July 7, 2010
Hurricanes, tsunamis, tornados, earthquakes, floods, fires
oil spills. Disasters, whether natural or man-made, can take a number of physical tolls on those affected—injuring and killing many—as well as displacing survivors from their homes and communities, and impacting their short- and long-term physical health.
But perhaps the greatest post-disaster impact is the psychological distress such a traumatic event can create. The Centers for Disease Control and Prevention (CDC) says that after a disaster, it's normal to feel stress, anxiety, sadness, guilt, anger and a bevy of other emotions. Some people have trouble eating, sleeping or concentrating. Those who have lost loved ones, homes or jobs may even develop thoughts of suicide.
According to the Health & Human Services Department's Substance Abuse Mental Health Services Administration (SAMHSA), there is research to prove that such events can have a psychological impact that is both long-lasting and serious.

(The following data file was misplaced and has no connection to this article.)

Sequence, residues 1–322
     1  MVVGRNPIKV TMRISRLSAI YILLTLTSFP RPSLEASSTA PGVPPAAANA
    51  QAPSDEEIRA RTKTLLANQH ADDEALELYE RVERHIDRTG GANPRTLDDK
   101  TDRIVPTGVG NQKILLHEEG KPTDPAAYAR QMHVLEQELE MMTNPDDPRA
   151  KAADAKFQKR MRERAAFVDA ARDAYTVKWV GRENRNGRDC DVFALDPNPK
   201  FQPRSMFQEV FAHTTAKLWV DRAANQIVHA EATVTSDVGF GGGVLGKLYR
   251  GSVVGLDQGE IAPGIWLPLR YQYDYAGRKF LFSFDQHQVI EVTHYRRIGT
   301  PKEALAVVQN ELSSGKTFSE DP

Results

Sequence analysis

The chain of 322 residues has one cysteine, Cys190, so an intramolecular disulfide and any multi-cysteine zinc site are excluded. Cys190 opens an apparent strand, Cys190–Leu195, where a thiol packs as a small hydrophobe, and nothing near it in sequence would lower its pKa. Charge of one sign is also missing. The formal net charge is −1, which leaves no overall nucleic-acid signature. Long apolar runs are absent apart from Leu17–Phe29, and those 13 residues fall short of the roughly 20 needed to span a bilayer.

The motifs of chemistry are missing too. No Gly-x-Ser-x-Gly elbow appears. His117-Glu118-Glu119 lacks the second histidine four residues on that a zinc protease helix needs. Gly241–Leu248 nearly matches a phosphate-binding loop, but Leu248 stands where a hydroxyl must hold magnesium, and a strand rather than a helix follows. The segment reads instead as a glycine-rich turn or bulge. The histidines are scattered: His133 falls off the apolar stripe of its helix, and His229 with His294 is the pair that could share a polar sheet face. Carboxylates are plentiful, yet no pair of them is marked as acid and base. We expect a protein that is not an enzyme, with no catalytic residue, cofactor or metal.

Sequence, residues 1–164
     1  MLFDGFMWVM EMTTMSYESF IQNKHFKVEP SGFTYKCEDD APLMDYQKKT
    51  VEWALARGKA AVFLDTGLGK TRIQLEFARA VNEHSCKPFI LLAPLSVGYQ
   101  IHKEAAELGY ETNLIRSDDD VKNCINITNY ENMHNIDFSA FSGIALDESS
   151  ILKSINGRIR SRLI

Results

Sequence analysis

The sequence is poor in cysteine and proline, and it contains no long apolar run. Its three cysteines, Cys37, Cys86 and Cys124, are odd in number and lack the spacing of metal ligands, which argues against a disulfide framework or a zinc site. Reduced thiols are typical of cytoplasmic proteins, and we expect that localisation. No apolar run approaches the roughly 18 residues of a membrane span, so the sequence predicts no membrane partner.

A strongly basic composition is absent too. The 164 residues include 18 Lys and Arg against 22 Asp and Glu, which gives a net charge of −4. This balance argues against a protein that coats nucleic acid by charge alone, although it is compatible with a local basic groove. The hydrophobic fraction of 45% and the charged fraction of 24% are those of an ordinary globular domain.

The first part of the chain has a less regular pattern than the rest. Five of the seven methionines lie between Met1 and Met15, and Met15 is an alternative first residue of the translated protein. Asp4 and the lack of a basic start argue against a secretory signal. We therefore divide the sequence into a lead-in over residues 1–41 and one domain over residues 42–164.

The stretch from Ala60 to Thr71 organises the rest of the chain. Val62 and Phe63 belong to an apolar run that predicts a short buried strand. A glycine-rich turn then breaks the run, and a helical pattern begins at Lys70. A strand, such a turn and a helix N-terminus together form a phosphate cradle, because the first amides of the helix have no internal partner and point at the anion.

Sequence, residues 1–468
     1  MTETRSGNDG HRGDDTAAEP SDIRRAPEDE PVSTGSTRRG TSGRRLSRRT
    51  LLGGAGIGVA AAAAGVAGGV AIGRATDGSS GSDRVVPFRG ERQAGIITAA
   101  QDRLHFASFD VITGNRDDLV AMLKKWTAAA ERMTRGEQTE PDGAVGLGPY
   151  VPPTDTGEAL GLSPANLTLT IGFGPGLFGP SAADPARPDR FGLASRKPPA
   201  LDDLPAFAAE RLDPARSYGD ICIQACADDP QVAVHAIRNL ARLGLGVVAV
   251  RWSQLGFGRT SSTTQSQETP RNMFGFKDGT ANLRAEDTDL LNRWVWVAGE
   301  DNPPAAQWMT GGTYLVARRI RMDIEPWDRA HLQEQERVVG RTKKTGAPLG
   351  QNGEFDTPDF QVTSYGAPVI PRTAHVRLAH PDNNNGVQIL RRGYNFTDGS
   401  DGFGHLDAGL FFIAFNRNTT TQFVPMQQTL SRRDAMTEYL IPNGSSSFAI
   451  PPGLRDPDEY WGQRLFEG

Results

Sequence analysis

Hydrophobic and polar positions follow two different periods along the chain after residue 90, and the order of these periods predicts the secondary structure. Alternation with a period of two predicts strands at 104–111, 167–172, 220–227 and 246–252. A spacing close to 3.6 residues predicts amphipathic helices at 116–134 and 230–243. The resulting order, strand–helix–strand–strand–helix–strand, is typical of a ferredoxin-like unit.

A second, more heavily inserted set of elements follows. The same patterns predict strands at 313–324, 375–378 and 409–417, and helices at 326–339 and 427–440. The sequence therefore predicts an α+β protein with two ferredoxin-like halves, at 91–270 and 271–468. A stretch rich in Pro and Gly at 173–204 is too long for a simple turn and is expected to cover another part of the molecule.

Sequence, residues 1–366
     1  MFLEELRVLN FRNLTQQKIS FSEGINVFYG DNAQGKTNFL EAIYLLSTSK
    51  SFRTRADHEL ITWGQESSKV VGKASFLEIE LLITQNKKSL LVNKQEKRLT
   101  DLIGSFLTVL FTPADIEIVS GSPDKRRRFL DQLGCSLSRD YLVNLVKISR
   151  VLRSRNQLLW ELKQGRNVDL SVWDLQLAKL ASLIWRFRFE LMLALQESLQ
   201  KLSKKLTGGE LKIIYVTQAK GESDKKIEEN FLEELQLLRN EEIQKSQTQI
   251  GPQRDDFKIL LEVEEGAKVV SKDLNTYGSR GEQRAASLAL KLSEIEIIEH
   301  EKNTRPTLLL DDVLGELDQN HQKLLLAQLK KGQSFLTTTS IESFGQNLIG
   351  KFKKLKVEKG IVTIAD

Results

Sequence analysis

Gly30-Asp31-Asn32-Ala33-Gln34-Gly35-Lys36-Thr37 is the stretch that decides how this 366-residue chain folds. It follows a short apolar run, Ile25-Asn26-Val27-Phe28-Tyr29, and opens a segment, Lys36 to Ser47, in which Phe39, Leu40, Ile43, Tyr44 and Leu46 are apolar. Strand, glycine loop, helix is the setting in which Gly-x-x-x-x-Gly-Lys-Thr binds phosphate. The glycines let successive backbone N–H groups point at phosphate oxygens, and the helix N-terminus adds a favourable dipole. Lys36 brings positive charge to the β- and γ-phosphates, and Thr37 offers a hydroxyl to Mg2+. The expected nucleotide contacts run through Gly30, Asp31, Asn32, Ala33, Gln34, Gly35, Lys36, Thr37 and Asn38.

Problems can range from post-traumatic stress disorder to substance abuse problems to conduct problems among children, and some of the after-effects may not surface for months or years, according to SAMHSA.
The CDC recommends taking the following actions to help yourself, your family and your community heal after the disruption of a disaster:
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